Whether we’re close to home or in a far-flung location, keeping ourselves and our gear safe is an extremely important consideration for us as nature photographers. Sufficiently protecting ourselves and our equipment takes forethought and planning, which will lay the groundwork for a stress-free, safe experience. Fortunately, there are a wealth of tools available to us, as well as common-sense strategies we can employ.
Do The Research
Just as important as researching where and what you want to shoot is taking time to look up safety information for where you’re headed.
If traveling to a different country, first check its status with the U.S. State Department for any travel advisories. Enroll in the Smart Traveler Enrollment Program (STEP), which sends you updates about safety and security issues for your destination and also enables the embassy to contact you in an emergency easily.
For women planning to travel internationally, also refer to the online “Women’s Danger Index.” Compiled from data from a variety of trusted international sources, this list names the safest and worst countries for solo female travel.
Dig into travelers forums on sites like Tripadvisor, Lonely Planet and Fodor’s Travel to read reviews and comments about your destination. Are there areas you should avoid or common scams to watch out for?
When it comes to accommodations, carefully read through reviews on sites like Tripadvisor. What are the hotel’s ratings for safety? What are prior guests saying about their experiences there?
Reading lodging reviews is especially important for solo female travelers. If past guests mention security issues, sketchy employees or concerns about the neighborhood, you’ll want to steer clear. To get the best information, look for reviews written by women traveling alone.
If staying in a hotel, avoid the main floor, where windows could be easily accessed from the outside, and consider hanging the “Do Not Disturb” tag on your door handle throughout your stay to maximize your privacy. If leaving camera items in your car, store them in the trunk and activate the car’s alarm, if it has one.
If choosing an Airbnb or VRBO, look for Airbnb Superhosts or VRBO Plus hosts. These are homeowners who have stellar reviews and track records. Consider choosing lodging that’s located on the same property where the owner lives—even under the same roof—if safety is a big concern.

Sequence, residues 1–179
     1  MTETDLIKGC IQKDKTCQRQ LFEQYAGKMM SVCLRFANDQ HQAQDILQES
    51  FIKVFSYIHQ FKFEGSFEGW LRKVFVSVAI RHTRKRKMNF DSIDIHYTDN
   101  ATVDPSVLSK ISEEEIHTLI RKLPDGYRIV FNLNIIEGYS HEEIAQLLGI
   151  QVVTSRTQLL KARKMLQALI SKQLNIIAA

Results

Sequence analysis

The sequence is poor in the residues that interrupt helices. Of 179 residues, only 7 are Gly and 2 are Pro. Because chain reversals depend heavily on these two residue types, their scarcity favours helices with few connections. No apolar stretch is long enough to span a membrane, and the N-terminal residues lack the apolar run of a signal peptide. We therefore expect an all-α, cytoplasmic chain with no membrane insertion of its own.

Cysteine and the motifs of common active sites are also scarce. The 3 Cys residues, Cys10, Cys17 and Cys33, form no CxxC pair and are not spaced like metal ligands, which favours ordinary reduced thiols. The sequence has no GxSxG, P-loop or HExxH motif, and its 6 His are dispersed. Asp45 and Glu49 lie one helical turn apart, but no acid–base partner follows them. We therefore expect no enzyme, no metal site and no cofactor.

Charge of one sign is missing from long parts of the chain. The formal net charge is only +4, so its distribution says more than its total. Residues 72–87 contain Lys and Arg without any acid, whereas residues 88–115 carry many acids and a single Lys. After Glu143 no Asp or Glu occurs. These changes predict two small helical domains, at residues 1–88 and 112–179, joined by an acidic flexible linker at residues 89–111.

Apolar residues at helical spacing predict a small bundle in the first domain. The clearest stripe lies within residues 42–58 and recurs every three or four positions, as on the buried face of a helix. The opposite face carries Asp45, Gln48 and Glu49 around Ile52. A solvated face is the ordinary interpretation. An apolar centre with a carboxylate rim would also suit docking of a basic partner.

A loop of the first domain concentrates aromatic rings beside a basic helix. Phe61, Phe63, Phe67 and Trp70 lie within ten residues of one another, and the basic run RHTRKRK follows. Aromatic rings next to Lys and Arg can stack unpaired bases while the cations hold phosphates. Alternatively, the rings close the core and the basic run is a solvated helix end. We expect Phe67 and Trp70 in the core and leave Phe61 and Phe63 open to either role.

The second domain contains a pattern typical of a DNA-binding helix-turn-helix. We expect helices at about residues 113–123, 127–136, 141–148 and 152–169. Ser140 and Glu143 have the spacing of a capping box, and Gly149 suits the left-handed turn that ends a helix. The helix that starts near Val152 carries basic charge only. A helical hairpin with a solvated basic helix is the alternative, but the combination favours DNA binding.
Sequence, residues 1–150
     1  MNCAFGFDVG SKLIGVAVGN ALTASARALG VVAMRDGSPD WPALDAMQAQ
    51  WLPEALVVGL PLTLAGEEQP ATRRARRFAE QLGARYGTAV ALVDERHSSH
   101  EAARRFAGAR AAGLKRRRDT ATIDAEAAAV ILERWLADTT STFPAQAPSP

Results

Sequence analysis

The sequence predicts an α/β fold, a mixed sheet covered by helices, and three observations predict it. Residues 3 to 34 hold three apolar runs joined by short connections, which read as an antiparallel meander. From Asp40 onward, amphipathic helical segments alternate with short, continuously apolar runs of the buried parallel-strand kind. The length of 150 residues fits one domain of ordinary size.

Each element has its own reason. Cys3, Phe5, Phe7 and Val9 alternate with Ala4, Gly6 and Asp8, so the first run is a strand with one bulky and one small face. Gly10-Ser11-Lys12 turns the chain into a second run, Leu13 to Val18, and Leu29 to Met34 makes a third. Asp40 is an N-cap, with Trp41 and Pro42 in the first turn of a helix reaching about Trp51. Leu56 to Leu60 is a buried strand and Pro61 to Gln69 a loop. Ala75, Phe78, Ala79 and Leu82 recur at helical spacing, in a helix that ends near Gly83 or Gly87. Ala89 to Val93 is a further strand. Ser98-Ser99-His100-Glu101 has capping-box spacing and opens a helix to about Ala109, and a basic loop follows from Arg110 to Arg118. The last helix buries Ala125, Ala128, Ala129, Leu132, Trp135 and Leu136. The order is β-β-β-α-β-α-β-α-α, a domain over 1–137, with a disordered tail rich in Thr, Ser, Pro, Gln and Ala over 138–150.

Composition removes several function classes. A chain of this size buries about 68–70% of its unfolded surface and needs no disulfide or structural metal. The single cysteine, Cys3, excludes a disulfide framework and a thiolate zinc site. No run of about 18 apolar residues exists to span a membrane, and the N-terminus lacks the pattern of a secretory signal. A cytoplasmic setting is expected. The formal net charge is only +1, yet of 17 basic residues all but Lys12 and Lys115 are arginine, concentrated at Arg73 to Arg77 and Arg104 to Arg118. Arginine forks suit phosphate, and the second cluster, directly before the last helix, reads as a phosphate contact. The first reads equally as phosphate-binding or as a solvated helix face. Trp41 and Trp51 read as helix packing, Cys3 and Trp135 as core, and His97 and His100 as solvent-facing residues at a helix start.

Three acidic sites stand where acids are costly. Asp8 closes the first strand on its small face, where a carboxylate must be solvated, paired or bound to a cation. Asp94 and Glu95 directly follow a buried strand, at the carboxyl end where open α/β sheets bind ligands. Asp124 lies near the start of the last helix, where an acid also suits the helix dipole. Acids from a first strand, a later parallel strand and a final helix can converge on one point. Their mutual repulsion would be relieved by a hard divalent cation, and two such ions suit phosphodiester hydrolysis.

Being able to find your way, whether you’re on foot in the forest or cruising down a distant highway, is critically important. Never rely solely on your smartphone to give you your bearings. I learned this the hard way recently in Chile while on assignment for a magazine. I’d been confident that my cellphone provider offered good coverage in that country, but as I found out after arriving, that wasn’t the case. Unable to get online to use Google maps, I had to drive a rental car a few hours to my destination with only a very rough map from the rental agency. I found myself in a remote area, seriously lost and unable to speak any Spanish. I managed to finally find someone who spoke a little English and who went out of her way to assist me, thankfully. But it was a pretty stressful experience.
We must be prepared at all times for cell service to be nonexistent, and this is true whether we’re abroad or in a remote area near home. Before you travel, download the Google map (or another map you trust) for your destination directly to your phone. It might be a road map; it might be a trail map. This way, you can readily access the info without using data or needing a connection. And consider bringing a printed map for back-up. You never know when your phone might simply run out of battery power.
If using Uber or another rideshare service, check drivers’ ratings before choosing a ride. Anything below a four-star rating should be a red flag. When the driver arrives to pick you up, make sure they state your name before you get in the vehicle.